Leftover Banana Treat Obsession

Cooking

In a previous post, I shared how I make frozen chocolate covered bananas. These soon became a hit with my children. I have become obsessed with them! But there is always room for improvement.

I have changed how I make the chocolate covered bananas slightly. Now, I make them without the stick. I found I really did not need this and I make the bananas without sticks and just pick them up and eat them with my fingers. Messy? Oh yes! It is messy, but honestly, it seems easier than eating them off the stick.

I also do not try to make them in the peel any more. I can get more chocolate on them this way. I peel them, throw the peel away and spread the melted chocolate over the banana, even on the ends. Messy? Again…yes! But it is worth it!!!!

My favorite version of the chocolate covered frozen banana treat is covered in coconut flakes. I lay out some wax paper and sprinkle it with coconut flakes. Then I spread the melted chocolate on half the banana, lay it down on the coconut and then continue to spread chocolate on the other half and sprinkle coconut on top and then freeze.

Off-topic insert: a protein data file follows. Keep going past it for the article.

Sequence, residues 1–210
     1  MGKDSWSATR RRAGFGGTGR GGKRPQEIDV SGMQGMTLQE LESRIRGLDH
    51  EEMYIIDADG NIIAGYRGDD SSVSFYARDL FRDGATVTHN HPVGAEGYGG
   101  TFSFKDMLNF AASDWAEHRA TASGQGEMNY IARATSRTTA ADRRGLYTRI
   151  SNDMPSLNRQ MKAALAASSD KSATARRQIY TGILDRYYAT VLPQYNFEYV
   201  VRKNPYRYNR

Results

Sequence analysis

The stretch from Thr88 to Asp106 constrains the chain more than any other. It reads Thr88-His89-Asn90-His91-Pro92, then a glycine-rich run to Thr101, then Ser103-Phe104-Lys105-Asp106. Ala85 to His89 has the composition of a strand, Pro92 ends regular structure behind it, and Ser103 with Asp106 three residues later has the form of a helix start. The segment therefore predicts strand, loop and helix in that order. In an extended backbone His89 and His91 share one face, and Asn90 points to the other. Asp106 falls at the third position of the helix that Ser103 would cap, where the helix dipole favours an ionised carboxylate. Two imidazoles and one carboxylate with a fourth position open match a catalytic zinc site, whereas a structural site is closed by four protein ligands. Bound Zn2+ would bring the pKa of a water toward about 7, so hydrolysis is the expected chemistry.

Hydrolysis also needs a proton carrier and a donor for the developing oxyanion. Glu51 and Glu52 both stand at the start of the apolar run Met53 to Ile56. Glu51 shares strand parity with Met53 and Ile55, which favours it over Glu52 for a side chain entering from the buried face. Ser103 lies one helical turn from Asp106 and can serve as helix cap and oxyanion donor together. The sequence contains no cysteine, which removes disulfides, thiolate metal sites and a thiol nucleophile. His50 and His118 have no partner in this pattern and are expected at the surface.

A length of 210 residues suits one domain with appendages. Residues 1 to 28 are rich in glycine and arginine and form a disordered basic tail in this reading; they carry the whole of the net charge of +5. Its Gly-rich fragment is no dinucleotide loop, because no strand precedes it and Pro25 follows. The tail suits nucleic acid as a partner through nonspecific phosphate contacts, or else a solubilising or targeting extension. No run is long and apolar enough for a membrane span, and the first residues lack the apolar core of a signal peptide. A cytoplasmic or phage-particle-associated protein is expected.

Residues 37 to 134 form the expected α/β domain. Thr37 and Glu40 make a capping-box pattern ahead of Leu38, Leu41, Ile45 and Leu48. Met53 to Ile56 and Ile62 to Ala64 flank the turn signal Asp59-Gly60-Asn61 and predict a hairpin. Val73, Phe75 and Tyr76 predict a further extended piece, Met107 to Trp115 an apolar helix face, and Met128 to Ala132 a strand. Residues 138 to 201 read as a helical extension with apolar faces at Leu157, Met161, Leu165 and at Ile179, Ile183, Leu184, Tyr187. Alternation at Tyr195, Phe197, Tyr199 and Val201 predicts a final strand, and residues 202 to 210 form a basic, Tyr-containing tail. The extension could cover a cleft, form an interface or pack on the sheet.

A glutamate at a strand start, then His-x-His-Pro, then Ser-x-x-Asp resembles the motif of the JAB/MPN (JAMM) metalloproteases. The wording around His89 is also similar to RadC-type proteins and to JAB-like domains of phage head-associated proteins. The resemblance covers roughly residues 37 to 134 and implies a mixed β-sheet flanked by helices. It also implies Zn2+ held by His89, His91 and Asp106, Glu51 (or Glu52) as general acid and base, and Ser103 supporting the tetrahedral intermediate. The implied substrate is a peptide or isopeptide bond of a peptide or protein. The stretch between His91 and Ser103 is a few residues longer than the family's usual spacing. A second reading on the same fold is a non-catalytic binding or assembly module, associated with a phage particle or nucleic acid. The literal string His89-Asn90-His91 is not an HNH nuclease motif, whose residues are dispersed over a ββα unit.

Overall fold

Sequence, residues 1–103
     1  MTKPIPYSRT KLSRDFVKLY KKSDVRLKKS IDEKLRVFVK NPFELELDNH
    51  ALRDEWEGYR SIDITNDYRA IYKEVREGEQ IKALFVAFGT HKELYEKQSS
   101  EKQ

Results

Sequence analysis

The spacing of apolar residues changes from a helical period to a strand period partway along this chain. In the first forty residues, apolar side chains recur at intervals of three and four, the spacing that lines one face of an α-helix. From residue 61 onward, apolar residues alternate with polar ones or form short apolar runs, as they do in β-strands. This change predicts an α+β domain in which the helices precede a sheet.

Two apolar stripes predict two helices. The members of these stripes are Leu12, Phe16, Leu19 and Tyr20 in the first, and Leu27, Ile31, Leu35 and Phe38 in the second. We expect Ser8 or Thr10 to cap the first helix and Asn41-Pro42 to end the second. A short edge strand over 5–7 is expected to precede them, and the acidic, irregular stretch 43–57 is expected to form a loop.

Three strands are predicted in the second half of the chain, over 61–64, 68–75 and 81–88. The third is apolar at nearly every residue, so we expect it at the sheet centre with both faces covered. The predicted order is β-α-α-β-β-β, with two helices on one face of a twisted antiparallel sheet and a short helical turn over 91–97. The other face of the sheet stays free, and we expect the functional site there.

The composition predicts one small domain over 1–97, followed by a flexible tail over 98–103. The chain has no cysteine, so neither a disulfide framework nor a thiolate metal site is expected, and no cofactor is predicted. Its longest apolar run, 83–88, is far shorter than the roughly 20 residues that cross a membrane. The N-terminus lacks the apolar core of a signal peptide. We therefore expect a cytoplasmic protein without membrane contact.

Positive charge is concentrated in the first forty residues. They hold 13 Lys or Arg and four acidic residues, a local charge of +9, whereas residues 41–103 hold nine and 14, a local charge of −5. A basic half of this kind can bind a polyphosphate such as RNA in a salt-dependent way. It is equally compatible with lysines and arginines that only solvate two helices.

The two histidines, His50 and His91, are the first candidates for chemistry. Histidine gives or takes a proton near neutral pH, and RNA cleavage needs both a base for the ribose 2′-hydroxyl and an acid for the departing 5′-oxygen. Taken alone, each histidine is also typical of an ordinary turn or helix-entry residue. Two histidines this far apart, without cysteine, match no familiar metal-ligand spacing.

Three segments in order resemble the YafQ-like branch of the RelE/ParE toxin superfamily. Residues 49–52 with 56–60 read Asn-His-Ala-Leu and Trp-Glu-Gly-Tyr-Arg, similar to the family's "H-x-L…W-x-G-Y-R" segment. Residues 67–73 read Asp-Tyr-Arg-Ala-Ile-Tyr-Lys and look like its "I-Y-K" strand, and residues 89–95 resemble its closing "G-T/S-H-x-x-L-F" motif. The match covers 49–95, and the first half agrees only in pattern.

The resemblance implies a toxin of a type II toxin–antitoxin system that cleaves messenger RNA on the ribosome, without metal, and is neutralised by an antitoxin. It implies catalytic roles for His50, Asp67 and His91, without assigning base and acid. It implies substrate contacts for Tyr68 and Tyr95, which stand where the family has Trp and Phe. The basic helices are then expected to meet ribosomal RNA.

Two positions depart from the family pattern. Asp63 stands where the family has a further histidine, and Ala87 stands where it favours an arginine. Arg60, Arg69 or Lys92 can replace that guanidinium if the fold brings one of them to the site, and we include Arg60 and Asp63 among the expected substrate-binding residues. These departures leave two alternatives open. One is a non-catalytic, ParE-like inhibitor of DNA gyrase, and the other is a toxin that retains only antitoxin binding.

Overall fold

I have also changed the quantity I make of the banana treats. I stock-up and freeze a few halves at a time so I can go get one without having to make one every day. I still only make them in halves. Even if I use a whole banana I will cut it in half and make two treats out of one banana. (See my original post – Leftover Banana Treat – for a more detailed description.) Happy Snacking!

A Few Thoughts on Hospital Food

life